AB - Background: At least half of the patients diagnosed with non–muscle-invasive bladdercancer (NMIBC) experience recurrence and approximately 15% will develop progression tomuscle invasive or metastatic disease. Biomarkers for disease surveillance are urgentlyneeded.Objective: Development of assays for surveillance using genomic variants in cell-freetumour DNA from plasma and urine.Design, setting, and participants: Retrospective pilot study of 377 samples from 12 patientswith recurrent or progressive/metastatic disease. Three next-generation sequencing methodswere applied and somatic variants in DNA from tumour, plasma, and urine weresubsequently monitored by personalised assays using droplet digital polymerase chainreaction (ddPCR). Samples were collected from 1994 to 2015, with up to 20 yr of follow-up.Outcome measurements and statistical analysis: Progression to muscle-invasive or metastaticbladder cancer; t test for ddPCR data.Results and limitations: We developed from one to six personalised assays per patient.Patients with progressive disease showed significantly higher levels of tumour DNA inplasma and urine before disease progression, compared with patients with recurrent disease(p = 0.032 and 1.3 106, respectively). Interestingly, tumour DNA was detected in plasmaand urine in patients with noninvasive disease, being no longer detectable in disease-freepatients. A significant level of heterogeneity was observed for each patient; this could be dueto tumour heterogeneity or assay performance.Conclusions: Cell-free tumour DNA can be detected in plasma and urine, even in patientswith noninvasive disease, with high levels of tumour DNA detectable before progression,especially in urine samples. Personalised assays of genomic variants may be useful fordisease monitoring.Patient summary: Tumour DNA can be detected in blood and urine in early and advancedstages of bladder cancer. Measurement of these highly tumour-specific biomarkers mayrepresent a novel diagnostic tool to indicate the presence of residual disease or to discoveraggressive forms of bladder cancer early in the disease course.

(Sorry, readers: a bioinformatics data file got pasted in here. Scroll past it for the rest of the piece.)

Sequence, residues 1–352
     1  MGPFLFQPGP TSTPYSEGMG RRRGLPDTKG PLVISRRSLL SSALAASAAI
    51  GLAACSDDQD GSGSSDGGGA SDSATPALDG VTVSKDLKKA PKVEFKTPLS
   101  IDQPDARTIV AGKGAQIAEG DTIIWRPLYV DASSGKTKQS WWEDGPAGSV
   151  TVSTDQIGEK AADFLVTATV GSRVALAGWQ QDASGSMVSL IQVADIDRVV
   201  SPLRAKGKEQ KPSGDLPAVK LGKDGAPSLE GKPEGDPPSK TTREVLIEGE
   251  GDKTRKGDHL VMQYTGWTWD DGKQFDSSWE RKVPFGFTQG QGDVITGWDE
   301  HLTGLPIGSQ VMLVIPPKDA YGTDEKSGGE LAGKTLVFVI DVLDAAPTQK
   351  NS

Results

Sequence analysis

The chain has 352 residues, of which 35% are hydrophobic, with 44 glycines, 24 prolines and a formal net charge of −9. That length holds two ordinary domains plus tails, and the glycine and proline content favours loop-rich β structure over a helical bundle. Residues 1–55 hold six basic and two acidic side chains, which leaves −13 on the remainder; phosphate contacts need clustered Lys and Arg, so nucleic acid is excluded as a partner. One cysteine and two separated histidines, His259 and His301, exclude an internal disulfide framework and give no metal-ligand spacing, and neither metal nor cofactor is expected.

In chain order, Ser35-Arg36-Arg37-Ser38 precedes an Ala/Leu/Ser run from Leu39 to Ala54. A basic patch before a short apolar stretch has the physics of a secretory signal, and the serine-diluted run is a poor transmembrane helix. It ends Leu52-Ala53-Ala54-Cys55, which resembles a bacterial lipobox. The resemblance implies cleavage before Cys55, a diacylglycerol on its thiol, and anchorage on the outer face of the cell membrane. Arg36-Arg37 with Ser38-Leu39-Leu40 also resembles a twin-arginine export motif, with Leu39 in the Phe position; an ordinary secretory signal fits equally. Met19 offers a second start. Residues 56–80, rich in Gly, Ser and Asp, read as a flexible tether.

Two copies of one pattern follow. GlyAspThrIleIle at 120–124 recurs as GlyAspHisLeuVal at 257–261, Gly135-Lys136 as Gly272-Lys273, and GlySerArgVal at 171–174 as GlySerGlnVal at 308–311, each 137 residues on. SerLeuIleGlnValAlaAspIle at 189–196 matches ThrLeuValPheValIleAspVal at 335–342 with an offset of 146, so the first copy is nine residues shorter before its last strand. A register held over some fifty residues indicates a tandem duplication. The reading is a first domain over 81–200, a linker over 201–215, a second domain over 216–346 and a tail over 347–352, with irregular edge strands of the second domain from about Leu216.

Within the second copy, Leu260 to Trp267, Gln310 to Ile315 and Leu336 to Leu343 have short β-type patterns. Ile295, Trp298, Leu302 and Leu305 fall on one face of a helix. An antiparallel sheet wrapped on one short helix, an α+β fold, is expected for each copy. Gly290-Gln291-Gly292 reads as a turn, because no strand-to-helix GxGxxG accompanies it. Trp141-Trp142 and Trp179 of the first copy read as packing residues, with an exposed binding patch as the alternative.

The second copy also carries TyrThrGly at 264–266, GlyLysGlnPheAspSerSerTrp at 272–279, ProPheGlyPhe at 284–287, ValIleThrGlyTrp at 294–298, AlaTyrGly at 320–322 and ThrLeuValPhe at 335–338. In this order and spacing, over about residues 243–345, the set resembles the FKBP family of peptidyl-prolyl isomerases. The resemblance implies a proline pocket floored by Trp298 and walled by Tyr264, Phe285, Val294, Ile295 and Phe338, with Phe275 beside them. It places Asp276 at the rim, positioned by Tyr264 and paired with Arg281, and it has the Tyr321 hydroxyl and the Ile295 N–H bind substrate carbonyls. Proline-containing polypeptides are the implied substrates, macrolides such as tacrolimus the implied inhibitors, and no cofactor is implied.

KW - Biomarker; Cell-free DNA; Circulating DNA; Droplet digital PCR; Genomic variant; Next-generation sequencing; NMIBC; Personalised analysis; Plasma; Urine

U2 - 10.1016/j.eururo.2016.01.007

DO - 10.1016/j.eururo.2016.01.007

M3 - Journal article

JO - European Urology

JF - European Urology

SN - 0302-2838

ER -